Whether or not you believe in god, you must believe in mans ability to construct beautiful buildings. In the middle of the city you will find St. Knud�s Church. A very beautiful Gothic building that has inherited its name from King Knud. King Knud tried to strengthen the royal power using tough means and writing out heavy taxes. He was killed during a peasant uprising in 1086. At that time the church was a smaller wooden church called St. Albans Church. St. Knud and his men fought bravely but was outnumbered and killed, one by one, the King last, in front of the altar. Or at least so does the painting tell the story.
King Knud was canonized in 1101 and his skeletal remains can be seen in the crypt at the back of the church. It is a room with a very special atmosphere; we don�t have many saints (or skeletal remains in open coffins) in Denmark. The crypt also holds the remains of St. Knud�s brother St. Benedikt, which became honored as a local saint because he died as a martyr at his brother�s side.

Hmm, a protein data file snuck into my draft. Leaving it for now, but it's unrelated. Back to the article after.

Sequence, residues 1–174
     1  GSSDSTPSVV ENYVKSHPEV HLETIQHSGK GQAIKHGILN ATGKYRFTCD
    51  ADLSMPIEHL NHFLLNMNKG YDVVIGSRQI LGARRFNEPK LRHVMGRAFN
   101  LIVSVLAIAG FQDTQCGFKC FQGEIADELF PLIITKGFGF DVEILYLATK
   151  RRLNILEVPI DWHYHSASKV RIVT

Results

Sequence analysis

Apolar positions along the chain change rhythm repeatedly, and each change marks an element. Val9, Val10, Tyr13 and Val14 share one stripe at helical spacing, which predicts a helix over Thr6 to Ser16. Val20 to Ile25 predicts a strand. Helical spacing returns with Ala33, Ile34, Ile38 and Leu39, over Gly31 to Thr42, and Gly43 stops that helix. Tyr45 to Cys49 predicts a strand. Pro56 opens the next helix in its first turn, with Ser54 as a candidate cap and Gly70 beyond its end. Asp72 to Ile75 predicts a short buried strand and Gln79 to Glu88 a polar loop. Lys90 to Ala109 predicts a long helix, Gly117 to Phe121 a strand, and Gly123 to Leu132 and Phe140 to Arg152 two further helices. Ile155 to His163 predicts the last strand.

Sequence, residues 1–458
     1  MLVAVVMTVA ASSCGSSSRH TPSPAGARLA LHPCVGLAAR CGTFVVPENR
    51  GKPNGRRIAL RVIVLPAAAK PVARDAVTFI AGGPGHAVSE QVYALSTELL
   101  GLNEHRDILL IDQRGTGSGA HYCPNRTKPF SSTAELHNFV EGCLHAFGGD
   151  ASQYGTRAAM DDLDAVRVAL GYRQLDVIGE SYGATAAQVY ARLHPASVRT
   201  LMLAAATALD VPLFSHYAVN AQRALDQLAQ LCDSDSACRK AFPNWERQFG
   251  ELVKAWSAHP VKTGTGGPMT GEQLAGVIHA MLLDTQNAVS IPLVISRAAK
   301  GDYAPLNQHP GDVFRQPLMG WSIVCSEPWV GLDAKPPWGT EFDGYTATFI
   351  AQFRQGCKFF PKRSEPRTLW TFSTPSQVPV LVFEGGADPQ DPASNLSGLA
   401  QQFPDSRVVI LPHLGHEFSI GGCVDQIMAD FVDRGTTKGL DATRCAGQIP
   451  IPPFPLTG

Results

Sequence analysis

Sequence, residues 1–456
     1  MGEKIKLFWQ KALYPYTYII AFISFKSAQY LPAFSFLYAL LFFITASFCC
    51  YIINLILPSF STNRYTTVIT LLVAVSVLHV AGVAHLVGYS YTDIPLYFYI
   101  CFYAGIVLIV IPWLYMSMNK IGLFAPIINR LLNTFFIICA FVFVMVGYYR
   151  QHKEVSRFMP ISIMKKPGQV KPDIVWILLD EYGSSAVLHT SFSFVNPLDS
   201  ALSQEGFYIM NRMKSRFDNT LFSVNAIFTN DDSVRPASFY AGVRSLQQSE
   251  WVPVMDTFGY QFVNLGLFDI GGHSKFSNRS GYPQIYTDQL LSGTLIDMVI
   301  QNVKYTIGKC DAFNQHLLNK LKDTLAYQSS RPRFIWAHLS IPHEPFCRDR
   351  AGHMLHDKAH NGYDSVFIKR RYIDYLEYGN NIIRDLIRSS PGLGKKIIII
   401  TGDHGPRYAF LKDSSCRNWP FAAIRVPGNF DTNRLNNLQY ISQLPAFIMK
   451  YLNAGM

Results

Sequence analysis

The altarpiece is worth a good look. The altarpiece was originally commissioned by Queen Christine for the now demolished Gray friars Church. It is cut by the local woodcarver Claus Berg, and is seen as his masterpiece. And it is fair to call it a masterpiece. Finished in 1521, before the reformation that lead to the protestant church in Denmark, it reveals in 23-carat gold leaf more and more detail the closer you get.
It is free to visit St. Knud`s Church and it is open during daytime, except when there is a ceremony. At the entrance of the Church you will find a general leaflet in German, English and Danish. As well as a more detailed leaflet at a price of Danish Kroner. 10,-.
The church arranges midnight sermons, prayers and occasionally it holds evensongs.
Homepage: Odense Domkirke